Down and Dirty

by Lisa Dinsmore
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It's all Stacy B's fault. I hate exercise. I'm not a runner. Yet somehow I found myself wrapped up in her enthusiasm for extreme sporting events and agreed to run my first 10k. Though not just your, run-of-the-mill road race, but the annual Camp Pendleton Marine Corp Mud Run. A 6.3 mile race where I would be constantly wet, covered in mud and guaranteed to come away from the experience scraped and bruised like a week-old tomato that fell off the truck. Did I mention that I also detest being wet? Perhaps I was a cat in a past life. Of course, if I was, hoisting myself over those 5-foot walls should have been a whole lot easier.

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My generally philosophy with life is if you're going to do something you don't enjoy at least make it as interesting as possible. When I attempted to learn how to play golf, I always chose to play on courses that were, at the very least, visually stunning. No wide-open, flat, burned-out, public courses for me. That way I could distract myself with the natural beauty of my surroundings (the ocean, mountains or grapevines) instead of focusing my white-hot, internal rage on the tiny, unruly white ball that failed to do my bidding. Which is how I came to the Mud Run. No boring, flat, road race was going to do. Give me an obstacle course filled with walls, rivers, a lake, crawling through tubes and under fences. Usually, my response to people asking me if I would ever run a long distance race has always been, "Only if there's a chainsaw-wielding murderer running behind me." The buffed-up, no-nonense Marines that line the course, screaming at you and hosing you down provide – not life-threatening – but similar motivation. They are not amused by slackers and they let you know it. You do NOT want to catch their attention.

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That they run this exact course in full gear in around a half an hour is inspiring, amazing...and never gonna happen for me. Granted I have a few decades of wear and tear that they don't, but I'm more than aware I don't have what it takes. I am highly competitive though and the last thing I wanted was for our team to come in last place. You have to finish the course in under 3 hours. No exceptions.

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While the Marines are clearly having fun watching the civilians suffer – and most of the runners are having fun too (I mean when's the last time you wantonly played in a mud puddle?) – it's also clear that they're going to brook no nonsense from us either. When some smart-ass talked back to a marine ("Let's see you do it.") on the super-muddy, 50-degree incline, aptly-named Slippery Hill, the marine showed him – climbing the grade in 30 seconds flat in between at least 100 other people just trying not to fall down. "Got something else to say? I thought not. Now run, dummy!" OK, he didn't say that, but I know in my mind that's what the Marine was thinking. I know I was.

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The whole operation is executed with mind-blowing precision. I know, they're the Marines and one should expect nothing less, but we were all impressed nonetheless. They wanted everyone to have a good time, but there was also an underlying awareness of their physical presence and readiness. They could take you out in a blink of an eye, so no f**cking around people. Our military bases are closed to the public most days of the year for a reason, so thanks for coming and getting dirty, now clean up, drink your beer and get the hell out. We've got real work to do. We'll see you next year. And they do. This event (with 3 runs over two weekends) sold out the first day this year. Three years ago, it took a week to fill all the spaces, about 5500-6000 per race. So, if you're planning on participating in this event in 2011, don't get too hungover on New Year's Eve because sign-up begins first-thing January 1st. Or like our co-ordinator Stacy B, just don't go to bed.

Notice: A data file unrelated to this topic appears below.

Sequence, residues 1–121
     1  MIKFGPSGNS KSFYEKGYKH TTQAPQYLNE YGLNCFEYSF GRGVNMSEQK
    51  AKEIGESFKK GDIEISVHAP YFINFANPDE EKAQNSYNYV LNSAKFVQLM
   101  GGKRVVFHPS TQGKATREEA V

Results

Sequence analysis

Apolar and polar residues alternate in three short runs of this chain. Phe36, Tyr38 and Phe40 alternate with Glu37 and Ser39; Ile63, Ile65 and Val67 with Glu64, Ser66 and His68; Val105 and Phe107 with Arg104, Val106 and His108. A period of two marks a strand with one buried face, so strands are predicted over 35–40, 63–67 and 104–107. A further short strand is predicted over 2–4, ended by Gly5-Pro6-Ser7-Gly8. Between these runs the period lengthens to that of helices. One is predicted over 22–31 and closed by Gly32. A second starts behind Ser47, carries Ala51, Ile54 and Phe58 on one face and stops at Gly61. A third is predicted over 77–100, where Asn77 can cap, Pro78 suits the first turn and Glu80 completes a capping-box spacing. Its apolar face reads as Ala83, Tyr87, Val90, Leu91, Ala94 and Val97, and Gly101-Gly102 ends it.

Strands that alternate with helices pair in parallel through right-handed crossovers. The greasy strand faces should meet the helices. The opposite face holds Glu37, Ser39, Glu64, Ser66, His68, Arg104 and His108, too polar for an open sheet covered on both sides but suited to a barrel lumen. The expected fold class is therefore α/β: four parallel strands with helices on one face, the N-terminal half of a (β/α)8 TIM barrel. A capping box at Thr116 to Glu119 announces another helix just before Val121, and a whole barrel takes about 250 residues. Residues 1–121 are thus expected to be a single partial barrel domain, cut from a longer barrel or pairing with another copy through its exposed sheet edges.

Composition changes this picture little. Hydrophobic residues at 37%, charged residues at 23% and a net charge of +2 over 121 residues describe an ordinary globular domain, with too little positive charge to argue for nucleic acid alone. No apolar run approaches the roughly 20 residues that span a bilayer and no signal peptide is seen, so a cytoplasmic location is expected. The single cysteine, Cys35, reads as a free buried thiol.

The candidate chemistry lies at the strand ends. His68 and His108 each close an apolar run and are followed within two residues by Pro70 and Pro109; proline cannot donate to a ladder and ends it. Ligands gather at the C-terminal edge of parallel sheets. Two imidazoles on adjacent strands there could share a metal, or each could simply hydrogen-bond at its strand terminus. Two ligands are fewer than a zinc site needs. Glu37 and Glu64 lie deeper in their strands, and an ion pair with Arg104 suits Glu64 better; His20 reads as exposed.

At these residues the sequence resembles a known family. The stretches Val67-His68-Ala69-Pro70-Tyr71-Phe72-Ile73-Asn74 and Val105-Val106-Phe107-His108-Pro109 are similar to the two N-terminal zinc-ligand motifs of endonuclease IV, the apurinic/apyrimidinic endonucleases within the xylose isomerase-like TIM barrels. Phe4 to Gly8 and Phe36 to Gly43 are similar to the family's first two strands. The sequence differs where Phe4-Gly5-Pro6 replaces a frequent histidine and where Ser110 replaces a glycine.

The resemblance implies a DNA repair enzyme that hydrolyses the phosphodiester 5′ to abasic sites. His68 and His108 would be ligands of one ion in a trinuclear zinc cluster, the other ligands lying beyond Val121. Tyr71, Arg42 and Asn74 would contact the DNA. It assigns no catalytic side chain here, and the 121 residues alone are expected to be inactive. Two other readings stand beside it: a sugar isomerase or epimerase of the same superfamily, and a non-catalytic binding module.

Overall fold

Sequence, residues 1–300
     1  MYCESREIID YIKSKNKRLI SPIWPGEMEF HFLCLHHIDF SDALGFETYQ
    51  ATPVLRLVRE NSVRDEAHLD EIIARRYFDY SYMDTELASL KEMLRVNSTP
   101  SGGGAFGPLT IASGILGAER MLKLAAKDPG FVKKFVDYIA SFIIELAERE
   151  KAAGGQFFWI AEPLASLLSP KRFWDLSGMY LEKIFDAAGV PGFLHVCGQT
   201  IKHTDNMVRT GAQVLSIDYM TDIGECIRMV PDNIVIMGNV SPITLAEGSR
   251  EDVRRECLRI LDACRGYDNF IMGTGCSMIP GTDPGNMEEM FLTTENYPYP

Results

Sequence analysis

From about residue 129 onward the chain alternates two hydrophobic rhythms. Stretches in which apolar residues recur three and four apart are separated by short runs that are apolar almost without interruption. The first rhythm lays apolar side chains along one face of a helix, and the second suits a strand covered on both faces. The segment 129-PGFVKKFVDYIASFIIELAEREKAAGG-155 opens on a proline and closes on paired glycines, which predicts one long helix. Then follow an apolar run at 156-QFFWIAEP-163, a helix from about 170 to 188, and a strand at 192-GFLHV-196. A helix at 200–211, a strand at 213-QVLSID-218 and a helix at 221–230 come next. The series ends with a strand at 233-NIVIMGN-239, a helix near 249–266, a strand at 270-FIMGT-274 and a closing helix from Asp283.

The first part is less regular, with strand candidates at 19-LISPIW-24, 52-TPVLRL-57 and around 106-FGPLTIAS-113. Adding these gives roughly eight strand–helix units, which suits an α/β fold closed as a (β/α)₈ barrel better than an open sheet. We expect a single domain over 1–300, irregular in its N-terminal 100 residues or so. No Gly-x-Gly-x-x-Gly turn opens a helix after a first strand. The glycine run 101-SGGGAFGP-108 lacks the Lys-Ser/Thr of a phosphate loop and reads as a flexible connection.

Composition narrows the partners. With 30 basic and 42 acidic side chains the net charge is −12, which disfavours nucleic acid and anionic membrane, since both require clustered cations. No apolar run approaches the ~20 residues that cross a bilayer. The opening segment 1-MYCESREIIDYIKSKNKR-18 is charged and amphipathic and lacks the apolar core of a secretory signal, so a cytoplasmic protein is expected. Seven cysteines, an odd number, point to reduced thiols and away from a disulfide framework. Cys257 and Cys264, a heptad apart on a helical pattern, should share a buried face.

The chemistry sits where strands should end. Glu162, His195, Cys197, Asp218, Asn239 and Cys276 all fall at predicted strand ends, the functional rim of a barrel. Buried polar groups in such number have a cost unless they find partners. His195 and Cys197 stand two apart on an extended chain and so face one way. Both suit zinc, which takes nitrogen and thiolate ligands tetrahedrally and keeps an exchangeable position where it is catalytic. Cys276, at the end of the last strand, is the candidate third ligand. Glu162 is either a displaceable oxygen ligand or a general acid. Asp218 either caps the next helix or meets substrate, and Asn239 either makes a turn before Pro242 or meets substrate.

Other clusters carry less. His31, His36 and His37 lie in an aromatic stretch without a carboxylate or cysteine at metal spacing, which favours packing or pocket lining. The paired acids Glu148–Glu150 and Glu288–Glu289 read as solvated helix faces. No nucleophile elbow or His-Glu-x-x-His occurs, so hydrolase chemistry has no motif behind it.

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After sitting out the last time Team Limoncello ran the course – I was first alternate – I'm glad I took the plunge this time around and challenged myself. While we certainly didn't burn up the course, we weren't last either, which for a group of 36-44-year-olds – who could probably medal if drinking and eating were Olympic sports – wasn't so bad. For the record, we finished in just under two hours about 10 minutes slower than the last time out for the team. It was my fault, but I WILL be better next time. The best part of the race was  the bonding experience of our team with everyone rallying each other all along the course. It gave us a small glimpse into the lives of the men and women (Go ladies!) who protect our country, who also have to rely on each other to survive. That all the money raised goes to help their families while they're deployed around the world, just makes the experience mean that much more. It didn't inspire me to run other 10Ks, but I will be back for this one. Me and those mud pits will meet again.

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We lost our cameraman this year due to a pre-race injury, so the middle pics are from Team Limoncello's 2008 Mud Run, as you may be able to tell from the white as opposed to the yellow shirts. Just wanted to show what the course was all about. 

 

Lisa Dinsmore is a writer, web programmer, movie and wine lover. She currently runs two review websites to share her passions: www.crazy4cinema.com and www.dailywinedispatch.com. She is also the Managing Editor of One for the Table.  

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